Okay. We do have some written responses from John who is a nimble of the federal highway Value Capture implementation team. John if you do want to speak, you could also press star 1 to signal the offer operator. We do have let's see -- any other questions? Lori, do we have any questions in the phone queue?

No questions doesn't look like anyone has singled.

Okay. All right. With that I think it would make sense for us to move on.

I'm sorry. Maybe this is him.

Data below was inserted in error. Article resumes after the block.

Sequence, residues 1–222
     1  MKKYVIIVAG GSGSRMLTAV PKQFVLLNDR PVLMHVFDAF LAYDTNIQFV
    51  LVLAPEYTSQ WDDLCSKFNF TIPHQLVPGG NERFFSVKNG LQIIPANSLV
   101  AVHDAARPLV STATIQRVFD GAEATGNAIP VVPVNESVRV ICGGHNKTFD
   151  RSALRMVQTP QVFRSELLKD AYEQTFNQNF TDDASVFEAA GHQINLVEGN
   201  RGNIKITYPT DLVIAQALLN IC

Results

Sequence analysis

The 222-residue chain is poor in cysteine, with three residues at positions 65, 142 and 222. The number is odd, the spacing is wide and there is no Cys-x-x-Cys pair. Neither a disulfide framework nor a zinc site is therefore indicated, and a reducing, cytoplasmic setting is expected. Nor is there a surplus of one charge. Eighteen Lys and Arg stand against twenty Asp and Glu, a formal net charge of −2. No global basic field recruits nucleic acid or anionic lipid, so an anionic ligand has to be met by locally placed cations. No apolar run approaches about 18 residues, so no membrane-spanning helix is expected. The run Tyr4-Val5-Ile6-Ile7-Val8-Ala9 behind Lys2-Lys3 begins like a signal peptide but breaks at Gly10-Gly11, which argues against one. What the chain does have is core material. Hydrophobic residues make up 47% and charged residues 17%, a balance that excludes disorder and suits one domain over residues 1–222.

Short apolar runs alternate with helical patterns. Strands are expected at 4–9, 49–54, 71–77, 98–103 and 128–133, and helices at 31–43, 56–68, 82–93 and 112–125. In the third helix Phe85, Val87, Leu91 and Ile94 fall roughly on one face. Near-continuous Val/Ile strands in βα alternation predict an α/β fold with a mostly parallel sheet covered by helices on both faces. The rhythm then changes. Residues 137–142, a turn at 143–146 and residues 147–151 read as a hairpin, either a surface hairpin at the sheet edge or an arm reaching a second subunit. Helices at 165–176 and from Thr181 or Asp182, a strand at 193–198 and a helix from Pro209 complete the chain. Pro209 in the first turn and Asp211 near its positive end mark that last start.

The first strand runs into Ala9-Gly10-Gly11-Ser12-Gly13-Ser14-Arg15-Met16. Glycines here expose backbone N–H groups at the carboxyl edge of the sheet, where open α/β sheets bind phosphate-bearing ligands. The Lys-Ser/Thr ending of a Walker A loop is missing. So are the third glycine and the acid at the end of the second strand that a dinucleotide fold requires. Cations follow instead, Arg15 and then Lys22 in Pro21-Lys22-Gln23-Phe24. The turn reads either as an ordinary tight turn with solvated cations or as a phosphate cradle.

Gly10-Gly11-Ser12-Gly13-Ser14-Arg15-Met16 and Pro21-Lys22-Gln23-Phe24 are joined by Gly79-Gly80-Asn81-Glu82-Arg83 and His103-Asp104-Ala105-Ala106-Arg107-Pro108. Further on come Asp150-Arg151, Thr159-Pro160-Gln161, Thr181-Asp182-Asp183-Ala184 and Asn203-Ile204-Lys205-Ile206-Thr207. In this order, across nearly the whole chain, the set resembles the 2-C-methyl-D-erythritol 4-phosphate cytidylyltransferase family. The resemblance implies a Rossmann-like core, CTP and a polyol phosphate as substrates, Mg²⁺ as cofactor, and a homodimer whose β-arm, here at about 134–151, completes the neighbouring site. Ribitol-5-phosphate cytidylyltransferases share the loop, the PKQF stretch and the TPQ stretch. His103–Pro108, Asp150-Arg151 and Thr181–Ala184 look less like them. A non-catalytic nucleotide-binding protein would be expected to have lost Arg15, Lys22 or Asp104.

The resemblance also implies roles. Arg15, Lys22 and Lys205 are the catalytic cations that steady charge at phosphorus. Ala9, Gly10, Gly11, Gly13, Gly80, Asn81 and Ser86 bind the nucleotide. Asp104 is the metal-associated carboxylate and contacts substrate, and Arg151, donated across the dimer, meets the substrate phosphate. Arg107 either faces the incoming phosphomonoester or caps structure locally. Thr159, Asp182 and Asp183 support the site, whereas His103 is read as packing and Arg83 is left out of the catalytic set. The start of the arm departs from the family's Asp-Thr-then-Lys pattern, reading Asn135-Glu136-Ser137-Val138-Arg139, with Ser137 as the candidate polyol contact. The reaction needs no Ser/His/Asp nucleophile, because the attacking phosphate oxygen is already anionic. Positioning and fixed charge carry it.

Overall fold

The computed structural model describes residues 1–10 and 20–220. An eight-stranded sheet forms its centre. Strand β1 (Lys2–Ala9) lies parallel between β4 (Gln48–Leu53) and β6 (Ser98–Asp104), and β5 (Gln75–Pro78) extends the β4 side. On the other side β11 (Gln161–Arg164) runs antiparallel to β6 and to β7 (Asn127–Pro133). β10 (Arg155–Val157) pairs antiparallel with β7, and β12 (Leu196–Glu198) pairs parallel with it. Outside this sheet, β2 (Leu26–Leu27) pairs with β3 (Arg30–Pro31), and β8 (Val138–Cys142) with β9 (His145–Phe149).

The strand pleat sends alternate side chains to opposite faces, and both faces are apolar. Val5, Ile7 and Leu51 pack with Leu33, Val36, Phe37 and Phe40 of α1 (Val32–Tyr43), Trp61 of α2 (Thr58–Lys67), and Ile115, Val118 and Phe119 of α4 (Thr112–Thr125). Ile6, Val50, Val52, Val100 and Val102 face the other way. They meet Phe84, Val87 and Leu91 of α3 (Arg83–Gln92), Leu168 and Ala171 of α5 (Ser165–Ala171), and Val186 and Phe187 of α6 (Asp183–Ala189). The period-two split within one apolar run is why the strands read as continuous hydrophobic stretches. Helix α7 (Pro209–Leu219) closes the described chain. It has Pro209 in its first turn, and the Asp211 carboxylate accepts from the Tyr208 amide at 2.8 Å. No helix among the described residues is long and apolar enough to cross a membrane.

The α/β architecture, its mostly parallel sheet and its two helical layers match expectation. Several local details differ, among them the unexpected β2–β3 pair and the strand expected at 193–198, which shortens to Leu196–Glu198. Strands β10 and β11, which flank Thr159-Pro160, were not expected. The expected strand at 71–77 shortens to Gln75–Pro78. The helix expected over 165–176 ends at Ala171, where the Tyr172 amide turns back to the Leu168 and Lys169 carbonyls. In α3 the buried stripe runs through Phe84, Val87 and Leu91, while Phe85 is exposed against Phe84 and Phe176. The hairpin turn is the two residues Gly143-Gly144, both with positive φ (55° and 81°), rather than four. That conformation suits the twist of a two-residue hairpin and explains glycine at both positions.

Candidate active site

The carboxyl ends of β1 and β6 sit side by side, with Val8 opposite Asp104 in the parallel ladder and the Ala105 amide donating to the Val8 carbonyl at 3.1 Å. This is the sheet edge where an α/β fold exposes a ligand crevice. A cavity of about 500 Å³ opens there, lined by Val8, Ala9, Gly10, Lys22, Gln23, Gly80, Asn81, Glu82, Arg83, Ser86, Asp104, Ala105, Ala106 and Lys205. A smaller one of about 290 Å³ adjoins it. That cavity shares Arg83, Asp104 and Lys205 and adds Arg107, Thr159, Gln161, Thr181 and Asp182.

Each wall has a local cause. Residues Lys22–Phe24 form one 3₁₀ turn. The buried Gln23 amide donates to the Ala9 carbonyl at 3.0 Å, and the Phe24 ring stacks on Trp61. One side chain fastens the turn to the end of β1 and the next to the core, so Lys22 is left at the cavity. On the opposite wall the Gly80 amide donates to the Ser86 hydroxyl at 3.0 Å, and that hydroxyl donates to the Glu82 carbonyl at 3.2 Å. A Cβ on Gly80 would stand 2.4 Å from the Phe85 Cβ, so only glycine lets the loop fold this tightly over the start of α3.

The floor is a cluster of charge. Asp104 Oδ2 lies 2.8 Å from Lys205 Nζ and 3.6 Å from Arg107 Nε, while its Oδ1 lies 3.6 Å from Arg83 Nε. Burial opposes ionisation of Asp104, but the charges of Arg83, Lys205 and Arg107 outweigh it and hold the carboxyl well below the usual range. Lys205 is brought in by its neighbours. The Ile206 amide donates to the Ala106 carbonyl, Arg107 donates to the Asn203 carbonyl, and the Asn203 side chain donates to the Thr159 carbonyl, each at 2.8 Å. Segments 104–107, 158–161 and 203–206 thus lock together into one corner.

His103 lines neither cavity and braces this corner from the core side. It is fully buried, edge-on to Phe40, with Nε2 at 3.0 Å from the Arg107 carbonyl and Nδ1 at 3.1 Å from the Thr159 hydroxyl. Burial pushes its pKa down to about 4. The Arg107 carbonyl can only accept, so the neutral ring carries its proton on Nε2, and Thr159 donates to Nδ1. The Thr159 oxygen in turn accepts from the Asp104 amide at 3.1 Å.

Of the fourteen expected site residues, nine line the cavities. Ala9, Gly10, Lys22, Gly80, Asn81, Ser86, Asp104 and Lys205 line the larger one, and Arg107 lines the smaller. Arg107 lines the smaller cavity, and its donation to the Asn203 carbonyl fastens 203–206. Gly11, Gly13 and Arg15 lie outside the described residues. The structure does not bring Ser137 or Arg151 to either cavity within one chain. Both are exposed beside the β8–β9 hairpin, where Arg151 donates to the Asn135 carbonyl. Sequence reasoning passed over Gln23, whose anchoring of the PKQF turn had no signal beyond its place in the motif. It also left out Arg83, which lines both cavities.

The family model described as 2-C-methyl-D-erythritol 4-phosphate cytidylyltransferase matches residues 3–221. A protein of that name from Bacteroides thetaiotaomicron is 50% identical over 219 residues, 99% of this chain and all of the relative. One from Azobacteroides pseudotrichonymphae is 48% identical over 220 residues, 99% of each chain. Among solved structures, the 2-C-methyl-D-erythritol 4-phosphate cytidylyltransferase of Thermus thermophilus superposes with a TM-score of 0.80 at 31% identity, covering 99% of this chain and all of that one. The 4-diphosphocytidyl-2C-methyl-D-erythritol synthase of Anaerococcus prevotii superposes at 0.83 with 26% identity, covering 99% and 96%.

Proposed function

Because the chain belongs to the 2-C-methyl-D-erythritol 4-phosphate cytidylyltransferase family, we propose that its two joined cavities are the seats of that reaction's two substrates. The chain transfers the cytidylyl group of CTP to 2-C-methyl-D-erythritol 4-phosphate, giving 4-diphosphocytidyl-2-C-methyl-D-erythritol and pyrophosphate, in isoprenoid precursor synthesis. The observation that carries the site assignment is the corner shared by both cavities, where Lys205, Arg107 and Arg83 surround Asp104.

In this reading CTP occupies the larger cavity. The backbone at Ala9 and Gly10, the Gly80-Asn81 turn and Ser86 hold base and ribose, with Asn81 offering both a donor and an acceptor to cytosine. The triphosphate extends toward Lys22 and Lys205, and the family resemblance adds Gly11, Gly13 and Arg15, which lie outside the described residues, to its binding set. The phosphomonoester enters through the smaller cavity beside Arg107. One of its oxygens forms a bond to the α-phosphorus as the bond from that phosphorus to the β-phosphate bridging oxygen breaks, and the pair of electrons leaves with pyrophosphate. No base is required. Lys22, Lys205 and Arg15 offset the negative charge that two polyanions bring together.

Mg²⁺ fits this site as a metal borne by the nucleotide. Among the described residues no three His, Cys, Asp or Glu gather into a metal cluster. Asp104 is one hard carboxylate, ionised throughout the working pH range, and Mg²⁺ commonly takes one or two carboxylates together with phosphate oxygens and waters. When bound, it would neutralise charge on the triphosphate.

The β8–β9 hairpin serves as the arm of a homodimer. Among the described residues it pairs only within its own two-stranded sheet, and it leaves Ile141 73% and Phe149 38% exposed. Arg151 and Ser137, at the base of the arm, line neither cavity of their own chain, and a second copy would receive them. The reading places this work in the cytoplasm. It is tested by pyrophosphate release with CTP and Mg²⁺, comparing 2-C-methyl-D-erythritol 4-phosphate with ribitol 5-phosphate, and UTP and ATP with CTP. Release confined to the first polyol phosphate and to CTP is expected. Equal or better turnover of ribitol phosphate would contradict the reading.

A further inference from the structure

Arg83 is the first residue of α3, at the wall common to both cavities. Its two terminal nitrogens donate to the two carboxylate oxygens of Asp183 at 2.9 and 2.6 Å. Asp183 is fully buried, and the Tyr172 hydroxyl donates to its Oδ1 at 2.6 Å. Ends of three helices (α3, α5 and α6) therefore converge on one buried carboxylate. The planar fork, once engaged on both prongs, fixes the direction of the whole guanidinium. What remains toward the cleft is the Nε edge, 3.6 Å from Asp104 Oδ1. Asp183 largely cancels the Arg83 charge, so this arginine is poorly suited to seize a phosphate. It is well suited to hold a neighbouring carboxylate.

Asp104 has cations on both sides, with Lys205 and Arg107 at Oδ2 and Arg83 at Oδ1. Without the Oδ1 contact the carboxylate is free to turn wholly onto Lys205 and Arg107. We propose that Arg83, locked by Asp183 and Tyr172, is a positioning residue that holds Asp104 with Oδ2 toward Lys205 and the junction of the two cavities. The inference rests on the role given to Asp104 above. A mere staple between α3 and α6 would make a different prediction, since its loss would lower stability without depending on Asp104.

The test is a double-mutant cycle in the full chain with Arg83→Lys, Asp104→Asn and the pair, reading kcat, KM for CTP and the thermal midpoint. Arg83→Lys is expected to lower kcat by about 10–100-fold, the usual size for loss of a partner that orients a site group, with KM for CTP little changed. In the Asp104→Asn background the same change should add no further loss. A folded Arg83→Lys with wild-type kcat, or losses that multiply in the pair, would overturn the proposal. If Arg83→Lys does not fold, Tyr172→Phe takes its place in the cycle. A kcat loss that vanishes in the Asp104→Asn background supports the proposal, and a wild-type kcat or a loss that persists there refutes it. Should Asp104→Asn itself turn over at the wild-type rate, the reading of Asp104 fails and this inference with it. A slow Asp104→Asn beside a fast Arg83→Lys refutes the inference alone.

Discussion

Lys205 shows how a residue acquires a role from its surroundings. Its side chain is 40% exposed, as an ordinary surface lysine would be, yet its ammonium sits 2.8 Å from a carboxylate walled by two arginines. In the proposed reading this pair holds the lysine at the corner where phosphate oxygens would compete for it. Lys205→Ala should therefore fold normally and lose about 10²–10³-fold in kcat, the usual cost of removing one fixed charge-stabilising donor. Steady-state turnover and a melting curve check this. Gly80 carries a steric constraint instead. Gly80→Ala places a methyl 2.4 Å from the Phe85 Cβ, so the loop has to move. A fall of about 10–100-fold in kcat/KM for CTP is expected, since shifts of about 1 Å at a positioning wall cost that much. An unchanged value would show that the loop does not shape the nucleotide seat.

Please go ahead.

Your line is open. Are you responding to a question or a comment? I'm not hearing any response there please go ahead.

Okay. We will have additional opportunities for question and answer after each presentation. So with that I will turn the webinar over to Jessica. Please go ahead.